Wednesday, May 26, 2010

Hope sinks

The second angel sounded his trumpet, and something like a huge mountain, all ablaze, was thrown into the sea. A third of the sea turned into blood, a third of the living creatures in the sea died, and a third of the ships were destroyed. (Revelation 8:8)

It’s hard to know which is more astonishing: the yet ongoing creation of what likely will be the worst single ecological disaster of modern times or the somnambulant reaction of the public to this catastrophe. The reality, however, is that they are two sides of the same coin.

The American mainstream media has seemingly lost all ability to evaluate the events of our times. Its sole basis for deciding what to report are how many eyeballs a story will attract. If an event lacks sex or violence, has no immediately obvious connection to people’s everyday lives, is too complicated to be explained in 60 seconds, or is not trumpeted by a celebrity or well-known politician (the latter being a subset of the former), then its airtime or column space will be minimal, at best. Stories are not pursued or developed; there is no time or money for that. Besides, all the Woodwards and Bernsteins were long ago put out to pasture.

Needless to say, the oil industry culprits in this fiasco have no interest in drawing any more attention to the disaster than is unavoidable. Honestly, who can blame them? No, the scandal beyond the scandal of the blowout itself is the blanket being thrown over it by our government, with the acquiescence of President Obama. Beyond the public’s reaction, where is his outrage?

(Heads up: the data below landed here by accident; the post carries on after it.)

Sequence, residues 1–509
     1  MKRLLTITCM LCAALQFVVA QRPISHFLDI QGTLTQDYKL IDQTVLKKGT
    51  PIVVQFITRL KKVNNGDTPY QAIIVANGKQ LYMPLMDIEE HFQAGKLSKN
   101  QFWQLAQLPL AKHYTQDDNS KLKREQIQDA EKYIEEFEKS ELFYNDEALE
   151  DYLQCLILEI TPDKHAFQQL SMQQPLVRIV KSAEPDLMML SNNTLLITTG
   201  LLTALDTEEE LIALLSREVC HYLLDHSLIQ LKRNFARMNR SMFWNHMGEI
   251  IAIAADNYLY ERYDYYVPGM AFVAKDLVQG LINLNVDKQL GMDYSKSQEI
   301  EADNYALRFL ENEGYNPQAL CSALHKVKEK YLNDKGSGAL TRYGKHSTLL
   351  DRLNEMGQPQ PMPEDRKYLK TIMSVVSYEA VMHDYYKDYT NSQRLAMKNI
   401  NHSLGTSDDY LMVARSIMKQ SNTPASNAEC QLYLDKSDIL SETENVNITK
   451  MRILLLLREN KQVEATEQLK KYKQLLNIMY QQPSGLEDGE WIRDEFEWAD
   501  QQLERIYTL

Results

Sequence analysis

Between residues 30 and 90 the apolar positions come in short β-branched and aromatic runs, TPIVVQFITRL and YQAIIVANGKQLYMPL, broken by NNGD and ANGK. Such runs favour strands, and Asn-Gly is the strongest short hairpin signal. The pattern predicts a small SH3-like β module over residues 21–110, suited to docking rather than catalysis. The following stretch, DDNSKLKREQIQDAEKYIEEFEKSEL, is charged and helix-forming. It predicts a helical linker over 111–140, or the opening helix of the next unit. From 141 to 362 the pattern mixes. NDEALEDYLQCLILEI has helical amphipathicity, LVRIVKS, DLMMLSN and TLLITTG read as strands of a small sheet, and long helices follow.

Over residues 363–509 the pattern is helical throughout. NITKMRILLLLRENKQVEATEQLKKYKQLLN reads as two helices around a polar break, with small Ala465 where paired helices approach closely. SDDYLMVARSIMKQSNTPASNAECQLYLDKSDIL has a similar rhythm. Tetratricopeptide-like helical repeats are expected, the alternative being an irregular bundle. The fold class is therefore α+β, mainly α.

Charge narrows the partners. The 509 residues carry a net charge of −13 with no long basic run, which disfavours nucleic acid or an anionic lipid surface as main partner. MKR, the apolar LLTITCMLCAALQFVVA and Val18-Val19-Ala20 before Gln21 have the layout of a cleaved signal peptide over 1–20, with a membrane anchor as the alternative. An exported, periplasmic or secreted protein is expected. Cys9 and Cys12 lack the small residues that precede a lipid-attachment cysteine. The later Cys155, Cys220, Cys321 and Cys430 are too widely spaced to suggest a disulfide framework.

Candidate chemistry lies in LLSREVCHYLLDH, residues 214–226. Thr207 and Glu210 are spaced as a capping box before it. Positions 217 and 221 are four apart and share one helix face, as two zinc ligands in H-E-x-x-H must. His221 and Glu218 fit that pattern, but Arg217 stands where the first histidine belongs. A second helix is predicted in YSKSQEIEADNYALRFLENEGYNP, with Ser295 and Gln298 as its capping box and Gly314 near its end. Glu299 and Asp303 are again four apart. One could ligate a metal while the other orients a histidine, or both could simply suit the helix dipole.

A month into this catastrophe, the unavoidable realization is that the president is keeping as much of this story below the radar screen as he can. There are probably multiple explanations for this but it fits with a disturbing pattern of this administration to shield big business from the consequences of its actions. A growing number of commentators are recognizing the parallel between the current hands-off attitude towards BP and the protection of the TBTF banks last year at the start of the Obama administration.

It is now obvious that BP has been lying from the start about the quantity of oil gushing from its blown well. Again, no surprise. What is incredible is how government agencies have not only not challenged BP’s estimates but have seemed to go out of their way to avoid coming up with their own figures. But this only continues what has also become obvious, the dereliction of duty at all levels of the agencies charged with regulating offshore drilling.

Following the almost laughably pathetic performance of oil and drilling company executives testifying before congress, President Obama came out to sternly chastise them for their finger pointing and blame games. There have also been announcements of regulatory reorganization. Yet the scope and horror of this event continues to be downplayed and, of course, the oil continues to pour out.